Some say that doubt is part of our psychological development. A psychologist named James Fowler has studied faith development in Christians. Fowler thinks that when people hit their 30s and 40s, they enter a time of anxiety and struggle as they face difficult questions about who they are and what they believe. Perhaps for the first time, a person takes responsibility for her beliefs and feelings. Where once a person accepted what religious authorities said without any questions, she now re-examines what she’s been told. Nothing feels certain anymore. Disillusionment reigns. This stage is not a comfortable place to be in. Most people, after entering this stage, sense that the world is far more complex than they previously thought.

I can speak from experience and say that when I am in those times of doubt, when I am journeying in those dark nights of the soul, when it seems that God has moved or that the box I was trying to trap God in was exploding, these are the times I grow the most.

Doubt is an important quality to have if you are a spiritual seeker. Perhaps we need to alter Descartes’ formula a little bit. He said, “I doubt, therefore I think; I think therefore I am.”  Maybe it should go more like this: “We are, therefore we think; we think, therefore we doubt.” To be human is to think. To think is to doubt, otherwise we’re just parroting what we've been told, and that's not thought at all.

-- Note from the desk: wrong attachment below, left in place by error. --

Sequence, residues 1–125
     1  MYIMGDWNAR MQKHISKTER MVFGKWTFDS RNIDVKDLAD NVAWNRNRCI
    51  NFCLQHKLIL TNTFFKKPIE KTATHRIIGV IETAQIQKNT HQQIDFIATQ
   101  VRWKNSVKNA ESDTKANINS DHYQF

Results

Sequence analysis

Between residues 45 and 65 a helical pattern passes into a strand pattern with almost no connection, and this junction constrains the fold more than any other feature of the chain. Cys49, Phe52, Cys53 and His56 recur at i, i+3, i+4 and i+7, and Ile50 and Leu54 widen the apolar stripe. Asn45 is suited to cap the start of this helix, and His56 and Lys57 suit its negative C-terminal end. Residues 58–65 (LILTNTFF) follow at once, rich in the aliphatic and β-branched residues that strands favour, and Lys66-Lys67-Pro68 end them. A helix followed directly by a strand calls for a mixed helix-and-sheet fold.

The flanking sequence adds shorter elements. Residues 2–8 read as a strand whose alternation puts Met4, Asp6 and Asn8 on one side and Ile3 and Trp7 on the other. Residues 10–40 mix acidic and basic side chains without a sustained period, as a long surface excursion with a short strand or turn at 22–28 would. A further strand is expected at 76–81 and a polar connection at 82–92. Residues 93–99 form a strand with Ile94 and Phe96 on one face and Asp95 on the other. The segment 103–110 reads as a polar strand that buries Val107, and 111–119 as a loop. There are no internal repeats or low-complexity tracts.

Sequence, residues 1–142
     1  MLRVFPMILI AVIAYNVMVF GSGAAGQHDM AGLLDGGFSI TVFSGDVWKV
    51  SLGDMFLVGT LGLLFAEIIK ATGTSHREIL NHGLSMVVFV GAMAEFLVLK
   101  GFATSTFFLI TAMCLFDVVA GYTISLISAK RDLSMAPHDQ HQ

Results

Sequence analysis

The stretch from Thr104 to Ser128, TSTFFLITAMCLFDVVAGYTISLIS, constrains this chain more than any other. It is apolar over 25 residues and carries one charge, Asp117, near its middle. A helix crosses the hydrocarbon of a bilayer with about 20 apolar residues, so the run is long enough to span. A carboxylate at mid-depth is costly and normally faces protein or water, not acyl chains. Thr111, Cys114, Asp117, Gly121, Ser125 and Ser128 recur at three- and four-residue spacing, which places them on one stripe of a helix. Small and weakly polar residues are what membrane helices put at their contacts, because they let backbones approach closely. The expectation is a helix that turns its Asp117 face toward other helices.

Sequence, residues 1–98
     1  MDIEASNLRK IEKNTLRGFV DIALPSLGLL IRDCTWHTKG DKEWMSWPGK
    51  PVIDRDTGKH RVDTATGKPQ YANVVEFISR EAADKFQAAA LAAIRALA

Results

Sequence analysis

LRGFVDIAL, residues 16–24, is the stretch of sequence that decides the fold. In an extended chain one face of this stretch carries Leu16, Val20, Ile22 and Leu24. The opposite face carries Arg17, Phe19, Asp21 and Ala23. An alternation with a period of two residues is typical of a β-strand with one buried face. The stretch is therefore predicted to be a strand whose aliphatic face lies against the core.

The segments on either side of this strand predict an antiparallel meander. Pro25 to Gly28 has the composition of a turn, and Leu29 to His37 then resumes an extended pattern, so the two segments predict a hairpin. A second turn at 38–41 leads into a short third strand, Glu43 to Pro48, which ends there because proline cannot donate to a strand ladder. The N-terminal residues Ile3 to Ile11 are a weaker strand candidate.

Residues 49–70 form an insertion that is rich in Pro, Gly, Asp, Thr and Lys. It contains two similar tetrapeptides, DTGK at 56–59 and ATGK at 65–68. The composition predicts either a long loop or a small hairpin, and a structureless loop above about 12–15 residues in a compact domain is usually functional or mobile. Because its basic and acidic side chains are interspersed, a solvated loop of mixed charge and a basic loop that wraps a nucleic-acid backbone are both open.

Doubt can motivate us to study and learn. Doubt can help us question counterfeit beliefs that have crept into our faith. Doubt can humble our arrogance. Doubt can give us patience and compassion with other doubters. Doubt can remind us of how much truth matters. Authentic faith must be as open to questions as it is receptive of answers.

If this is not a place where tears are understood, where can we go to cry?
If this is not a place where our questions can be asked, where can we go to seek?
If this is not a place where our heart cries can be heard, where shall we go to find comfort?

May this church be such a place for all of us—a place where our questions, and even our doubts, are always welcome.

Monday, July 14, 2014

Sermon for July 13, 2014

Laws for Living: #3 Peace with Others

"Do not judge, or you too will be judged. For in the same way you judge others, you will be judged, and with the measure you use, it will be measured to you. Why do you look at the speck of sawdust in your brother's eye and pay no attention to the plank in your own eye? How can you say to your brother, 'Let me take the speck out of your eye,' when all the time there is a plank in your own eye? You hypocrite, first take the plank out of your own eye, and then you will see clearly to remove the speck from your brother's eye. "Do not give dogs what is sacred; do not throw your pearls to pigs. If you do, they may trample them under their feet, and then turn and tear you to pieces." (Matthew 7:1-6)